Then, the convolution device 301, which functions as the converting means, converts the image signal using the coefficient obtained from the kernel/coefficient storage register 302, which functions as the second conversion-coefficient storing means, and the correction value selected by the image processing operation unit 303, which functions as the correction-value selecting means.

Referring to FIG. 37, an image pickup apparatus 100B generates an image signal with a smaller blur than that of a blurred object-image signal obtained from a detector 120.

Similar to the image pickup apparatus 100A shown in FIG. 36, the image pickup apparatus 100B includes a convolution device 301, a kernel/coefficient storage register 302, and an image processing operation unit 303.

In the image pickup apparatus 100B, the image processing operation unit 303 reads information regarding the zoom position or the amount of zoom and the exposure information from the zoom information detection device 500. The kernel/coefficient storage register 302 stores kernel size data and coefficient data, and transmits a kernel size and a coefficient suitable for the exposure information and the zoom position obtained from the image processing operation unit 303 to the convolution device 301. Accordingly, the convolution device 301 performs a suitable operation so as to reconstruct the image.

As described above, in the case in which the phase plate, which functions as the optical wavefront modulation element, is included in the zoom optical system of the image pickup apparatus, the generated spot image differs in accordance with the zoom position of the zoom optical system. Therefore, in order to obtain a suitable in-focus image by subjecting an out-of-focus image (spot image) obtained by the phase plate to the convolution operation performed by the DSP or the like, the convolution operation that differs in accordance with the zoom position must be performed.

Accordingly, in the present embodiment, the zoom information detection device 500 is provided so that a suitable convolution operation can be performed in accordance with the zoom position and a suitable in-focus image can be obtained irrespective of the zoom position.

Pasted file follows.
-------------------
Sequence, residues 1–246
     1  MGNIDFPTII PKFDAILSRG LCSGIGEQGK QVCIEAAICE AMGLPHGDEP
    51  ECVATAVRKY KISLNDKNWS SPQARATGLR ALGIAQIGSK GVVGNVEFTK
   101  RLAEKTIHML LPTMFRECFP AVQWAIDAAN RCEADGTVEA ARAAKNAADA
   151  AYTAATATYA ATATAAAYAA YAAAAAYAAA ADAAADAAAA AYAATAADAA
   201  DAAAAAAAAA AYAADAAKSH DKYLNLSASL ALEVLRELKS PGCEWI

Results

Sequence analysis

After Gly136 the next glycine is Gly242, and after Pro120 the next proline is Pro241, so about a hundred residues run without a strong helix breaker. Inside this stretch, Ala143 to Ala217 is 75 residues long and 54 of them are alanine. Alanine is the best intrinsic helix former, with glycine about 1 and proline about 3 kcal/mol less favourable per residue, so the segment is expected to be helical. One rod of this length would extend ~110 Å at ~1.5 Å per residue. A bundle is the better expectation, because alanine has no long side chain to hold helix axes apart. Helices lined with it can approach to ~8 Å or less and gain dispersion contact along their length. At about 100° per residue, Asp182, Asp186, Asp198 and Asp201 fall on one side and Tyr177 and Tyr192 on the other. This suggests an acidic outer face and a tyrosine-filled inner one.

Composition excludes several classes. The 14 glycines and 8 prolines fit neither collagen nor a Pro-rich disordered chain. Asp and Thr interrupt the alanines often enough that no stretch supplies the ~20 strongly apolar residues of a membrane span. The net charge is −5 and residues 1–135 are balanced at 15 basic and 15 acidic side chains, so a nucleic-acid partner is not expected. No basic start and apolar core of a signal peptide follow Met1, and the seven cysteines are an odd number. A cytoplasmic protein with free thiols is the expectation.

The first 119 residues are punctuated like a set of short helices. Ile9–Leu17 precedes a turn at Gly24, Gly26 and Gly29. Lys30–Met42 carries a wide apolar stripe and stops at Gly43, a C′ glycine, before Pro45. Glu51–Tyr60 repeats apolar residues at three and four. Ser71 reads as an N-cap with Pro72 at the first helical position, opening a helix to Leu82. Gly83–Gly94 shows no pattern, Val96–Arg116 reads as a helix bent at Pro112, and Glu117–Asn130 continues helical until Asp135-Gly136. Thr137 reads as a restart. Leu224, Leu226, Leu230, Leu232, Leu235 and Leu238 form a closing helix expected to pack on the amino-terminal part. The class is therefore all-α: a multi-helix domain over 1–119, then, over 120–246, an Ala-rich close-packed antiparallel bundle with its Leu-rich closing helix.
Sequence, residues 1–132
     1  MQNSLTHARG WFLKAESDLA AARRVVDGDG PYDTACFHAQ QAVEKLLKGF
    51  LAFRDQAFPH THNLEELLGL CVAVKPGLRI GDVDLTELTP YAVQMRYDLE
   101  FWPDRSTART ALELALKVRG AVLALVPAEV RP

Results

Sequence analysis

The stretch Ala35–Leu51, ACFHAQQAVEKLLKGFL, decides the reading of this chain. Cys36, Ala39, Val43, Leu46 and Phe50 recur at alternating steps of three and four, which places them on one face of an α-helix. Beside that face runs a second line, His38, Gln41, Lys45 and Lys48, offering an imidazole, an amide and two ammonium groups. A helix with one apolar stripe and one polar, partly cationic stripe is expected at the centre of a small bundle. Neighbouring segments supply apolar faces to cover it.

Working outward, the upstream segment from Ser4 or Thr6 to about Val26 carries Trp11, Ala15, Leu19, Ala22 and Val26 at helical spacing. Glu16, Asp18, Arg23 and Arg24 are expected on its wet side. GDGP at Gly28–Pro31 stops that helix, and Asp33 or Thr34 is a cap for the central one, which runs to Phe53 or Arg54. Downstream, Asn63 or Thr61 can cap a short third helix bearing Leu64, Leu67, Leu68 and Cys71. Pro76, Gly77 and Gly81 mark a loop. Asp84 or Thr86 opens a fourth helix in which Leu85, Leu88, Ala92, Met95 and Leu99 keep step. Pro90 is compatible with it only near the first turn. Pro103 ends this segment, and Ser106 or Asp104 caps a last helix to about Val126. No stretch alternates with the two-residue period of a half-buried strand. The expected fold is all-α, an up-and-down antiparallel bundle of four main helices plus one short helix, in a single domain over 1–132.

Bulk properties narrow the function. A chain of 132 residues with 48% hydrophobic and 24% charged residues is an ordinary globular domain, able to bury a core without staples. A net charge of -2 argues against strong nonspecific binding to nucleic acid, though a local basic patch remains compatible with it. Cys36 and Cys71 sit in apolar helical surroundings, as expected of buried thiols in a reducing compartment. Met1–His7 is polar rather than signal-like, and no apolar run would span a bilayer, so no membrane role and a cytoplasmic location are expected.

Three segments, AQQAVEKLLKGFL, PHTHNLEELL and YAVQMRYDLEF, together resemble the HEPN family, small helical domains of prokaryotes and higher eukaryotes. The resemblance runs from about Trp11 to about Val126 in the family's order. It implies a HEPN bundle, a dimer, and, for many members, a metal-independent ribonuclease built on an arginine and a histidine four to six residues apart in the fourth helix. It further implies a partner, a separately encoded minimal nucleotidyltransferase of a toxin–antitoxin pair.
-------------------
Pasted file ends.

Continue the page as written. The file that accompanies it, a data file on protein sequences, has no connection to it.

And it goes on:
In the convolution operation performed by the image processing device 100B, a signal, common coefficient for the convolution operation may be stored in the kernel/coefficient storage register 302.

Alternatively, the following structures may also be used.

That is, a correction coefficient may be stored in the kernel/coefficient storage register 302 in association with the zoom position, and the coefficient may be corrected using the correction coefficient. Accordingly, the following structures may be adopted:

(1) The structure in which a suitable convolution operation is performed using a corrected coefficient (by the convolution device 301).

(2) The structure in which a kernel size and a coefficient for the convolution operation are directly stored in advance in the kernel/coefficient storage register 302 in association with the zoom position, and the convolution operation is performed using the thus-stored kernel size and coefficient (by the convolution device 301).

(3) The structure in which the coefficient is stored in advance in the kernel/coefficient storage register 302 as a function of zoom position, and the convolution operation is performed on the basis of a calculated coefficient (by the convolution device 301).

More specifically, in the apparatus shown in FIG. 37, the following structure may be used.

That is, the kernel/coefficient storage register 302 functions as conversion-coefficient storing means and stores at least two coefficients corresponding to the aberration caused by the phase plate 113 a in association with the zoom position or the amount of zoom in the element-including zoom optical system 110. The image processing operation unit 303 functions as coefficient-selecting means for selecting one of the coefficients stored in the kernel/coefficient storage register 302. More specifically, the image processing operation unit 303 selects a coefficient that corresponds to the zoom position or the amount of zoom of the element-including zoom optical system 110 on the basis of information generated by the zoom information detection device 500 that functions as zoom-information generating means.